The viewfinder of the D5600 uses a pentamirror while the D7500 uses a pentaprism to reflect the light coming in from the lens to your eye. Pentaprisms offer better transmission of light, but are heavier. The D7500 does have a top LCD panel to help you set and keep track of your settings, which you’ll miss in the D5600 if you’re used to having it. If you’re not, you’ll probably get used to pulling up the same information on the rear LCD instead.
You may be surprised to discover that the D7500’s sensor has lower resolution (20.9 megapixels) than that of the D5600 and older D7200 (24.3 megapixels). There are a few reasons why Nikon made this choice. (Click Headings to Expand)
First, and most importantly, is Nikon’s concentration on high-ISO performance with the D7500. More pixels on a sensor means smaller pixels. Smaller pixels collect less light, but the sensor’s electronics still generate background noise. This results in a worse signal to noise ratio (like a quiet voice talking in the car over the road noise), and thus, more digital noise in the image that results, especially at high ISOs (where the sensor tries to get by with even less light). The D7500 has fewer ‘pixels’ on its sensor, so they’re larger.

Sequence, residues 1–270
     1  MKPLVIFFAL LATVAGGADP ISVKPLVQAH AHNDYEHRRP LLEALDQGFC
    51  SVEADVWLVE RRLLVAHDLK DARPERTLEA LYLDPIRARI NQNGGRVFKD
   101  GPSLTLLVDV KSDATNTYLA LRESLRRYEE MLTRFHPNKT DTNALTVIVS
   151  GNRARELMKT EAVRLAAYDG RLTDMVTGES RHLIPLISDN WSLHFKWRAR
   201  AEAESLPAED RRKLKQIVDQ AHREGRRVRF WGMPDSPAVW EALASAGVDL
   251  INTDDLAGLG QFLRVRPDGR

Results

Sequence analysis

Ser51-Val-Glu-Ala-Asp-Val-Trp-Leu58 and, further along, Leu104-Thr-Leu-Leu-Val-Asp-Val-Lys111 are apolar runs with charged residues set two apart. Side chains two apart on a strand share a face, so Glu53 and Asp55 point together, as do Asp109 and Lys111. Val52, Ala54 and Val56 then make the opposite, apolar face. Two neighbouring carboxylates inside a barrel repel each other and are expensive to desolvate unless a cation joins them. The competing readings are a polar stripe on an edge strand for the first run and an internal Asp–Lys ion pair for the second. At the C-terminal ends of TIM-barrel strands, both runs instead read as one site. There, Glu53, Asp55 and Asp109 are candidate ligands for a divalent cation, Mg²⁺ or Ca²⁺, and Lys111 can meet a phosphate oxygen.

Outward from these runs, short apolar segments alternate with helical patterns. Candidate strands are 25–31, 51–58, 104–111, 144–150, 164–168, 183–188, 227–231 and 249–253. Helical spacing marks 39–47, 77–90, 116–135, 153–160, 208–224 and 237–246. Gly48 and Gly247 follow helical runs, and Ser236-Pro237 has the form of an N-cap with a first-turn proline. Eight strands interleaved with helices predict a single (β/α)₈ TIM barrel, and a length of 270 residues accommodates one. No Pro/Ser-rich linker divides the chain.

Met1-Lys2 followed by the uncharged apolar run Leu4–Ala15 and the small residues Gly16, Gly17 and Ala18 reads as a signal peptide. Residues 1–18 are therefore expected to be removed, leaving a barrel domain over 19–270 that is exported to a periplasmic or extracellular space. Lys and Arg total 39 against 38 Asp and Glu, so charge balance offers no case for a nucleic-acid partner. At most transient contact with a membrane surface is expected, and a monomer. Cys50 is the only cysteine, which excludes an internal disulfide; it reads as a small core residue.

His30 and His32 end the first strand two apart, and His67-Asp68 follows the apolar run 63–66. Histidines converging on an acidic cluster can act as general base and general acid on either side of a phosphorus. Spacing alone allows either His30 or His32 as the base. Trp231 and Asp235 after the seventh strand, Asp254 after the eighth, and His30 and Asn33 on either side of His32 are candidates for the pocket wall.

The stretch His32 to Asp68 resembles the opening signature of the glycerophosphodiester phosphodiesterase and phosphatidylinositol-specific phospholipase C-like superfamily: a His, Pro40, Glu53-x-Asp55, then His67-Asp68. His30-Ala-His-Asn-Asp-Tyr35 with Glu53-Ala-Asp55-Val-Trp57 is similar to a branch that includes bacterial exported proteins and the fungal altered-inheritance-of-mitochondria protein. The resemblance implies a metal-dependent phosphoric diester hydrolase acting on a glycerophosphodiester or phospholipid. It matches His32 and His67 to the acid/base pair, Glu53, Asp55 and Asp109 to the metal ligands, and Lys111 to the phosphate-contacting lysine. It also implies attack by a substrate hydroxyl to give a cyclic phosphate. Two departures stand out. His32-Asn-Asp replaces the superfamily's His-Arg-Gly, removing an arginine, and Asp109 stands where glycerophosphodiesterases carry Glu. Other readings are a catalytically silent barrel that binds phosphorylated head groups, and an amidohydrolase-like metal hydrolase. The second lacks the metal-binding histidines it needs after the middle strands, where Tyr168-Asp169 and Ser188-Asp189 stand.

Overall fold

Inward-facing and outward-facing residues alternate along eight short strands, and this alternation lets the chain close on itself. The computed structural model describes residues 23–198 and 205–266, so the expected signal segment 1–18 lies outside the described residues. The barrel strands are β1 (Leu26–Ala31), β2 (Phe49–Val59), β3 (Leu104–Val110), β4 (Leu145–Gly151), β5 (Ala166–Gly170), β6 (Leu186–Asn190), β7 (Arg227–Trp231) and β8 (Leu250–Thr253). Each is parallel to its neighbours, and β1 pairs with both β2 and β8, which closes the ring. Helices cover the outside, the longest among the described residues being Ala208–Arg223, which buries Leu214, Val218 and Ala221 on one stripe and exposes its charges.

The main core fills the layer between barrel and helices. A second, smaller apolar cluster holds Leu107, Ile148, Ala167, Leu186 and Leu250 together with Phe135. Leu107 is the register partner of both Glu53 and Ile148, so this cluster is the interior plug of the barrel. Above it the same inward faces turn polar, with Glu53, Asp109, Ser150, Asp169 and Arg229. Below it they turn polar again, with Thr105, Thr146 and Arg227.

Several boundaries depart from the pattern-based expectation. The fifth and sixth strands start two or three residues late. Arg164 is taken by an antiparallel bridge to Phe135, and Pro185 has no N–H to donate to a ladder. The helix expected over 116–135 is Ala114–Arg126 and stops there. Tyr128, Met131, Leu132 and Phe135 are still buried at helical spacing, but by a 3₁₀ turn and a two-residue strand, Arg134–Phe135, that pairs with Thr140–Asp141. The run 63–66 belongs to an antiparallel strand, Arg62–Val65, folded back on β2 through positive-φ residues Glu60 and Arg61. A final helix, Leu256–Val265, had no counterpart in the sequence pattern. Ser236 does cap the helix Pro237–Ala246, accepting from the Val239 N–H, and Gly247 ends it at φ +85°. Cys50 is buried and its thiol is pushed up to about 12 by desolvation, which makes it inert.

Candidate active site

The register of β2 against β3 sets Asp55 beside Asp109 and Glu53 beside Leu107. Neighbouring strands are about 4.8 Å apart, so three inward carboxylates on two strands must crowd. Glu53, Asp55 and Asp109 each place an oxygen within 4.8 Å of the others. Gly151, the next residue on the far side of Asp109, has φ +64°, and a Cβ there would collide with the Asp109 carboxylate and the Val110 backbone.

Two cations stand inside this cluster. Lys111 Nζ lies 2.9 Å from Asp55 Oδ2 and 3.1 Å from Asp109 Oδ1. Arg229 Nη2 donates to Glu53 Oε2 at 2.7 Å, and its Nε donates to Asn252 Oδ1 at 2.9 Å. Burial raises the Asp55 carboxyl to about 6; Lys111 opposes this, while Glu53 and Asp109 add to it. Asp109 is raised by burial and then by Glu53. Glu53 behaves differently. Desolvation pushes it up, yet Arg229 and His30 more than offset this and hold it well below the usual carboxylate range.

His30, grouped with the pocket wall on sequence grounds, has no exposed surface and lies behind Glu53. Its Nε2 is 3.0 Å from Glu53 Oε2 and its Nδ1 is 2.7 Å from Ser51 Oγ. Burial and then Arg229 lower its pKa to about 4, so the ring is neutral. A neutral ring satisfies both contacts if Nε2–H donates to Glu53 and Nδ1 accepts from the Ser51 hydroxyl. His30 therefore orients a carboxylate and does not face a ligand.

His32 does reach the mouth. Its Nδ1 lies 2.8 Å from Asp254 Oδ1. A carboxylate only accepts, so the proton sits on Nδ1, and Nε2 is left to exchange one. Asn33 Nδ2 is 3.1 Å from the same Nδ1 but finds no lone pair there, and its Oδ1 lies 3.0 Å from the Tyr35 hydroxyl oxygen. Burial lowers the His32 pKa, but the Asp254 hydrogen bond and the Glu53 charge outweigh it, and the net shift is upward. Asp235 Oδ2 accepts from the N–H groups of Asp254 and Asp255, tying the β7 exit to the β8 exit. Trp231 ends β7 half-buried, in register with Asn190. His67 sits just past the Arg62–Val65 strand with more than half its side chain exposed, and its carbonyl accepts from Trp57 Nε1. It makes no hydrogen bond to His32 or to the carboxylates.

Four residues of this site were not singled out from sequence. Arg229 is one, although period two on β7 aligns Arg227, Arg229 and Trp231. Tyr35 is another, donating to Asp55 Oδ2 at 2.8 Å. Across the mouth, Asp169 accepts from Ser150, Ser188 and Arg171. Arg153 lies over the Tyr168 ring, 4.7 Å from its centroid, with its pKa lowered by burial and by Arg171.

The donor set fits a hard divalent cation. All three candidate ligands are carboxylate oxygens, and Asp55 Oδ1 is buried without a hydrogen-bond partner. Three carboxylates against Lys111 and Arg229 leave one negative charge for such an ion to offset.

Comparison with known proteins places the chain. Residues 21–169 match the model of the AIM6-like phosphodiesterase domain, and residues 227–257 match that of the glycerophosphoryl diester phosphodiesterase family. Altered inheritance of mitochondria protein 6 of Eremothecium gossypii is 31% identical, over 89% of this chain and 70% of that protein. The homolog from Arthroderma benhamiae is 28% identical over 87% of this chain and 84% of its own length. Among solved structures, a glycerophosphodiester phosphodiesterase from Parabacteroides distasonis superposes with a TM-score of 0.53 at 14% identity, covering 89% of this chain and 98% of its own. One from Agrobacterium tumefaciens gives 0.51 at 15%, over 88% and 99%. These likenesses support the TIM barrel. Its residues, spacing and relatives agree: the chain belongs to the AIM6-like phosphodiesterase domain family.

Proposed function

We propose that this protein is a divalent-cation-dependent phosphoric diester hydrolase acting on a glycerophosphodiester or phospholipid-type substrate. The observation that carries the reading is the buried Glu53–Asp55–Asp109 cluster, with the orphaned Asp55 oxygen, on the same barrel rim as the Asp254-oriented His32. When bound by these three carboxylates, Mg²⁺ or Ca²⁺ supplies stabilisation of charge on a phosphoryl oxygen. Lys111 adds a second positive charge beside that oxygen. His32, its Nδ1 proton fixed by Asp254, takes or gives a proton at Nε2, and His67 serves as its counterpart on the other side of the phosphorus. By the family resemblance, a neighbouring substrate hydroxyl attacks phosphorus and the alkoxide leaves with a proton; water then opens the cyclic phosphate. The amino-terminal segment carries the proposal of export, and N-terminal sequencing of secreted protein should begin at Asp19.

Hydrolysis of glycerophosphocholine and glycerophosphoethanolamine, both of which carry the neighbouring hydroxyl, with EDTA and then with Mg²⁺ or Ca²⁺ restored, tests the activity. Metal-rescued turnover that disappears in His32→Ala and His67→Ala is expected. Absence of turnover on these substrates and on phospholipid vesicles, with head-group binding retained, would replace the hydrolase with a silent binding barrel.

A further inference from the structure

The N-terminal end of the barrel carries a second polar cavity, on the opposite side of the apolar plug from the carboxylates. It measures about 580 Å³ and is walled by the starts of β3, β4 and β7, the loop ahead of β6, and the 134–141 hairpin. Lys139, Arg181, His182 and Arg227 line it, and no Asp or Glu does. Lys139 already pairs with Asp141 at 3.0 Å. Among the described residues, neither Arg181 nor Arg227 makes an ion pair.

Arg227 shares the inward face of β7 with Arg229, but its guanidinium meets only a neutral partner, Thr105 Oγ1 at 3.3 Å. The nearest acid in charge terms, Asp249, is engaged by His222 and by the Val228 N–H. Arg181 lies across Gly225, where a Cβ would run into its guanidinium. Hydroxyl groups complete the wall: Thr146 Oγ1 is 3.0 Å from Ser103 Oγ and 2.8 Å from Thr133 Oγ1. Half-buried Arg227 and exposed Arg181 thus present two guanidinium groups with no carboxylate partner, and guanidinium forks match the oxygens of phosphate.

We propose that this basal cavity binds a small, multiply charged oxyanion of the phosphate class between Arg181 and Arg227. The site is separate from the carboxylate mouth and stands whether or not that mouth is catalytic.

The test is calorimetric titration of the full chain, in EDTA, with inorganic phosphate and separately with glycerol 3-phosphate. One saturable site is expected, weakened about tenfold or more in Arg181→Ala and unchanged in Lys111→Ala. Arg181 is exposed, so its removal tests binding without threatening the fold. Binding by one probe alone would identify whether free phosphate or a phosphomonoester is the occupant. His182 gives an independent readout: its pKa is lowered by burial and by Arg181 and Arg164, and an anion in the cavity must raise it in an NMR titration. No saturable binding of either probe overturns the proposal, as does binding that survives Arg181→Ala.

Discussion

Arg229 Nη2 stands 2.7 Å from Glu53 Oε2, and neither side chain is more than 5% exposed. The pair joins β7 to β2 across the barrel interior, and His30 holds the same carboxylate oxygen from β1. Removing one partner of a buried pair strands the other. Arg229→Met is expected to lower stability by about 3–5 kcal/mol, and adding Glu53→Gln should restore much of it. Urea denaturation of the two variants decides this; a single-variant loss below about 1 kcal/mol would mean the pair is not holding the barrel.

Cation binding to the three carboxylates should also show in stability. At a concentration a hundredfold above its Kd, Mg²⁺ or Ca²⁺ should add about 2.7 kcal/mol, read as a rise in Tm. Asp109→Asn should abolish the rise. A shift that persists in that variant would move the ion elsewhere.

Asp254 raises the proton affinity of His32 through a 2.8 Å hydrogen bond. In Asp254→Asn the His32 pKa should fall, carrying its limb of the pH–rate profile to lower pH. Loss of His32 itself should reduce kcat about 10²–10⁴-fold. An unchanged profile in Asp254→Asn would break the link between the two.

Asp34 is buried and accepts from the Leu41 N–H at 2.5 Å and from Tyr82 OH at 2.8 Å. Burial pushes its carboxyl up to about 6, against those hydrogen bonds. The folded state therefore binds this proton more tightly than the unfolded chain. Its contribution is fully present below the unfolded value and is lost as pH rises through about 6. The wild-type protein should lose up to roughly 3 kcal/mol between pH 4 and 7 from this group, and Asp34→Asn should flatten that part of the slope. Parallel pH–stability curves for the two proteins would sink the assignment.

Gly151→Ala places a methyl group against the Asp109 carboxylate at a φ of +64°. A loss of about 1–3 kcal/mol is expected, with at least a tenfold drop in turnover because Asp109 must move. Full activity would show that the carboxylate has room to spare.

As a result, the D7500 has a top native ISO of 51200, compared to the 25600 of the D5600: a full f-stop of difference. However, we’ve found that the D500 (which has the same sensor as the D7500) does not quite have a full f-stop of improvement in quality over the D5600 at high ISO, it’s more like 2/3rds of a stop. At ISO6400, the D7200’s noise is slightly better controlled (finer and smoother) than the D500’s is at ISO12800, though the difference is minimal, and the D500 has better contrast in the comparison.